Nutrition and ExerciseLast updated: Sep 01, 2014
Despite advertised benefits of sports drinks,
energy bars, protein shakes, and supplements,
research shows that eating a balanced diet
rich in vegetables, fruits, whole grains,
lean sources of protein, and healthy fats
is all you need to fuel workouts.1
To fuel your workout:1
- Plan a meal or snack 1 to 3 hours before exercising to ensure you have the energy you need for a productive workout
- For morning workouts, drink 8 ounces of 100% fruit juice, eat 6 ounces to 8 ounce of low-fat yogurt with fresh fruit, or have oatlmeal with fresh fruit
- For evening workouts, eat a balanced lunch followed by an afternoon snack such as a piece of fruit
- Choose foods that digest quickly such as a banana or another fruit, 1 cup of cereal such as Cheerios with fat-free or low-fat milk, fat-free yogurt, or half of a turkey sandwich
- Carbohydrate-rich foods that can be digested quickly can help prevent cramping and nausea during workouts
- High-fiber foods take longer to digest, so eat lower-fiber (<3 grams of fiber) grains such as pasta or cereal
- Avoid high-fat foods that can slow digestion and cause cramping or nausea during exercise
- Include a small amount of protein such as fat-free milk, fat-free yogurt, a slice or 2 of lean turkey, or a slice or 2 of lean chicken in your meal or snack
- Drink water, fat-free or low-fat milk, unsweetened vegetable juice, or unsweetened 100% fruit juice instead of sports drinks such as Gatorade and Red Bull
- Runners and other high-intensity exercisers can benefit from electrolyte-containing drinks such as Nuun, Propel Fitness Water, or G2, which has half the calories of Gatorade, to replace potassium and salt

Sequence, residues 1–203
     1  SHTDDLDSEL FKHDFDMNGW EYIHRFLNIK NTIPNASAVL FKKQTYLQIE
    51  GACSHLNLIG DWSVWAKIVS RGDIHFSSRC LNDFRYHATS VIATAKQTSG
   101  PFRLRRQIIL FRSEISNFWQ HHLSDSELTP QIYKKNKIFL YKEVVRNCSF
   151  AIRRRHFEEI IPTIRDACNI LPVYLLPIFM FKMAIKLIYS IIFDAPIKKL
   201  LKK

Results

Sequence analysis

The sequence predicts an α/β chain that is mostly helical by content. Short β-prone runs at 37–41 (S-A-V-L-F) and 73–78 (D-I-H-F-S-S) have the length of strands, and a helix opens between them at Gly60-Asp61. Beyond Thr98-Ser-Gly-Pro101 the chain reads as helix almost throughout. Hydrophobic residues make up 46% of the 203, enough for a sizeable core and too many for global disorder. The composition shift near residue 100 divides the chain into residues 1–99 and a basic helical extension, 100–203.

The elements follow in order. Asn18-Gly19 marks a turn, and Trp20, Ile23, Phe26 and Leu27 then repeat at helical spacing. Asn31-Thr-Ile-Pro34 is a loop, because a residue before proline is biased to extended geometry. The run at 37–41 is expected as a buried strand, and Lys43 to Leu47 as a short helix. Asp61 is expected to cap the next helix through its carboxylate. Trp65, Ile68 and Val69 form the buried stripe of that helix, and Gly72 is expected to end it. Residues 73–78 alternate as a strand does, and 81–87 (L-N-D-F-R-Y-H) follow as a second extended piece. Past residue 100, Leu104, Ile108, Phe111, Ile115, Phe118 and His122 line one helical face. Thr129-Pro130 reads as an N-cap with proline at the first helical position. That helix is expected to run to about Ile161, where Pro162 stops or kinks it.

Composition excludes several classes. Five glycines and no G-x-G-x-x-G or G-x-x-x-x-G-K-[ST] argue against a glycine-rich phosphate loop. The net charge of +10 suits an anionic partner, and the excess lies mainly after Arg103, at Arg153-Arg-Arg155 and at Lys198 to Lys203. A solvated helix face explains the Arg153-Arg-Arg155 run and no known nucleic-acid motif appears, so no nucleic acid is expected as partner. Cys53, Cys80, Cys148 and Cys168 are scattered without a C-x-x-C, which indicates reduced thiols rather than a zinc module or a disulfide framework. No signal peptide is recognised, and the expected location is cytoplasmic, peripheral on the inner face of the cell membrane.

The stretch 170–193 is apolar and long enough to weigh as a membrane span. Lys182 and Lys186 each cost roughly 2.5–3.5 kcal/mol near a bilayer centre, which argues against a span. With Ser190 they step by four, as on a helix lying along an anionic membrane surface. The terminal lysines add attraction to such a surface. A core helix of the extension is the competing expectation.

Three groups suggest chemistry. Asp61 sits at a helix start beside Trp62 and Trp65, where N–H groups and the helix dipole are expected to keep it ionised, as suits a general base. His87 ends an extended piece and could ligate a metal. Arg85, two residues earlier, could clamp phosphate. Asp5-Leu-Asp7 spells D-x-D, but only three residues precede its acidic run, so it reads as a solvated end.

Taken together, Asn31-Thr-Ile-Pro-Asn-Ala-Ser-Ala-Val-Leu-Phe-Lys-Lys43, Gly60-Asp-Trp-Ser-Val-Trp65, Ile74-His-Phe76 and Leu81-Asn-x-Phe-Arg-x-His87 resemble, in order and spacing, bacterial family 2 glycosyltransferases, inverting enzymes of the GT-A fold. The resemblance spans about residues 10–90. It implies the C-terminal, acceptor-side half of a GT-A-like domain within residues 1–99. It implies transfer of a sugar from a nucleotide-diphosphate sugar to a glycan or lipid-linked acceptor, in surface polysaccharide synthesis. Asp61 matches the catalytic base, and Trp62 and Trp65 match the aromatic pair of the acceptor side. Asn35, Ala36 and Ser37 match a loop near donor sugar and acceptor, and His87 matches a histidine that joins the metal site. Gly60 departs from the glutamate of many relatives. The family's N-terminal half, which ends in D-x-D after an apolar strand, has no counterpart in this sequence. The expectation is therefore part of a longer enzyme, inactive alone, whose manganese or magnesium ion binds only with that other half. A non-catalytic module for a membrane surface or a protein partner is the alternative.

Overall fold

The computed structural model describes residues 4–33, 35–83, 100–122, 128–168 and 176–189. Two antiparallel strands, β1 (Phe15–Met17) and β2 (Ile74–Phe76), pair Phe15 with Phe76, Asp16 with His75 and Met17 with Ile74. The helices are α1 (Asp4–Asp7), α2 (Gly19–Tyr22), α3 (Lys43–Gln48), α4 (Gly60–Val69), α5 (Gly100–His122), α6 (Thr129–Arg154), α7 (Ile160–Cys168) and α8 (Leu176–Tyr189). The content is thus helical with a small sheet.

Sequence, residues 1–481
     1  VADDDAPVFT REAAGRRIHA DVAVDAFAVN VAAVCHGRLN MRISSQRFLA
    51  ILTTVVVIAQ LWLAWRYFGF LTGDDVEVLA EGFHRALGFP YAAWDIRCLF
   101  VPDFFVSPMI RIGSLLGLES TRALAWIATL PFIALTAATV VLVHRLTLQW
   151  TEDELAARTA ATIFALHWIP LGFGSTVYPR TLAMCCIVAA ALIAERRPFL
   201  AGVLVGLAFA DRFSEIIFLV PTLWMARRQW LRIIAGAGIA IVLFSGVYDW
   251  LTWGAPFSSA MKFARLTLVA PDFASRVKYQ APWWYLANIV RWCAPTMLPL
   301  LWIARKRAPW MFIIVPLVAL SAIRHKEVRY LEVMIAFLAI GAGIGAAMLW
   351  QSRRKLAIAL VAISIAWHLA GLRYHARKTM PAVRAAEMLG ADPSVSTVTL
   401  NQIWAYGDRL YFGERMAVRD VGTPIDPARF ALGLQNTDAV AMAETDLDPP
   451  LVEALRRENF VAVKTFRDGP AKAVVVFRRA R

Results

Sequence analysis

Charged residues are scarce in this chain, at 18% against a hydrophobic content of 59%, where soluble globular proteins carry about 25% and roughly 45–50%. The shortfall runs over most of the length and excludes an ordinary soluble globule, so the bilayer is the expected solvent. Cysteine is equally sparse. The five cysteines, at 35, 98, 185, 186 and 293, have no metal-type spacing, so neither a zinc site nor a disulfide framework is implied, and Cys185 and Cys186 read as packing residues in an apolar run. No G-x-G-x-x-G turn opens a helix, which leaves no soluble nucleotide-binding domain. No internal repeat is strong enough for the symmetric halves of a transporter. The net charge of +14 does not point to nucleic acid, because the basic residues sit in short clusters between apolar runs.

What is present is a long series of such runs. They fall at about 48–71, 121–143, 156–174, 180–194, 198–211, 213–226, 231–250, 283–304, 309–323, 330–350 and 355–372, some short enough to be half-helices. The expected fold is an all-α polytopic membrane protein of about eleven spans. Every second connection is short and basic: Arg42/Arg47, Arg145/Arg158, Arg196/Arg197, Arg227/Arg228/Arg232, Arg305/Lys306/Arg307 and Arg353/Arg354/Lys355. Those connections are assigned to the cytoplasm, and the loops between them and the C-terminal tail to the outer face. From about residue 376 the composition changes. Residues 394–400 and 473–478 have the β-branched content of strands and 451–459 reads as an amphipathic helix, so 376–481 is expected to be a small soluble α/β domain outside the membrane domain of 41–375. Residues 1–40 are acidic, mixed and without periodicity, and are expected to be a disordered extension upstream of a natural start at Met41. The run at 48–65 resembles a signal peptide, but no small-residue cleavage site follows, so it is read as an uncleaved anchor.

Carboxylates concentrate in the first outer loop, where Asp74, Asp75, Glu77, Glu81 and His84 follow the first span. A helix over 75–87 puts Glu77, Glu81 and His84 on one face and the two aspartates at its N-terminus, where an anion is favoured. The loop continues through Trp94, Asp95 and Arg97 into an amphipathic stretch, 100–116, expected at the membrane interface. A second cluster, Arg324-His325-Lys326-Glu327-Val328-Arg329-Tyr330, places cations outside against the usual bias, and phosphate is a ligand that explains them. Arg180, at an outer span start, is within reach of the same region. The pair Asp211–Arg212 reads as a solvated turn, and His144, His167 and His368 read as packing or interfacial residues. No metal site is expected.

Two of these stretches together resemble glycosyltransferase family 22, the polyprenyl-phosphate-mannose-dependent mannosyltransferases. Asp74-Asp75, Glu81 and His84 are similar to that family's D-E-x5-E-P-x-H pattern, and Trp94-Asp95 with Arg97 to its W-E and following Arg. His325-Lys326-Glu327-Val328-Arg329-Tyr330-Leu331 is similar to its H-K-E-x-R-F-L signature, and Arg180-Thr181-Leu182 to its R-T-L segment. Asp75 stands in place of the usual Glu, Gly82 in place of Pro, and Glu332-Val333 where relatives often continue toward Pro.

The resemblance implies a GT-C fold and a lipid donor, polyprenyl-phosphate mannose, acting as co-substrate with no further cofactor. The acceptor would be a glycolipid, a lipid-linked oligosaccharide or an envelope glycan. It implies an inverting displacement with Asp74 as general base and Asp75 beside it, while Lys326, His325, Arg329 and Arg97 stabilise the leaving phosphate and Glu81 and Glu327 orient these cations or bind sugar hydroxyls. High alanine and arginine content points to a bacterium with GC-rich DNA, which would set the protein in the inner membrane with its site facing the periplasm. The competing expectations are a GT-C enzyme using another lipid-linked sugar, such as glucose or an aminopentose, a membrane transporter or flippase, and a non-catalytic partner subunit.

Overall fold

- Walkers and moderate exercisers should stick with water to replenish fluids
Elite athletes have different nutrition needs from nonelite exercisers. If you are an elite athlete, you should consult a nutritionist who can consider your weekly training plan when developing a dietary plan to meet all your needs.
After You Exercise
- Have a small, carbohydrate or protein snack such as low-fat or fat-free milk or chocolate milk, a postbreakfast veggie omelet with wheat toast toast, low-fat or fat-free yogurt, a low-fat yogurt smoothie with fresh fruit and vegetables, or a peanut butter sandwich to restore your energy
- Choose fresh fruit, low-fat or fat-free yogurt, and low-sugar granola instead of a power bar
- Dinner should include a lean protein such as grilled chicken or fish, brown rice, a salad, and a steamed vegetable
If You are Exercising to Lose Weight
If you need to lose weight, be sure to count calories for a total daily count that is in keeping with your weight-loss program. Don't forget to include calories for snacks and drinks as well as meals. It's best to avoid unnecessary calories with sports bars and protein shakes. You can use the FitDay phone app or online program to track how many calories you've consumed and how many you have burned during exercise.
It is important for dieters to eat 3 to 6 small meals a day instead of 2 or 3 large, difficult-to-digest meals. Having smaller meals throughout the day help stabilize blood sugar and preempt thoughtless, high-calorie snacking. If you need to lose weight, keep your snack at 150 or fewer calories and avoid sugary, calorie-filled sports drinks and power bars.
1. Nutrition and Athletic Performance. Joint position statement of the American Dietetic Association, Canadian Dietetic Association, and American College of Sports Medicine. Med Sci Sports Exerc. 2009:41(3);709-731.
2. Karp J, Johnston J, Tecklenburg S, Mickleborough T, Fly A, Stager, J. Chocolate Milk as a Post-exercise Recovery Aid. Int J Sport Nut Exerc Metab. 2006:16;78-91.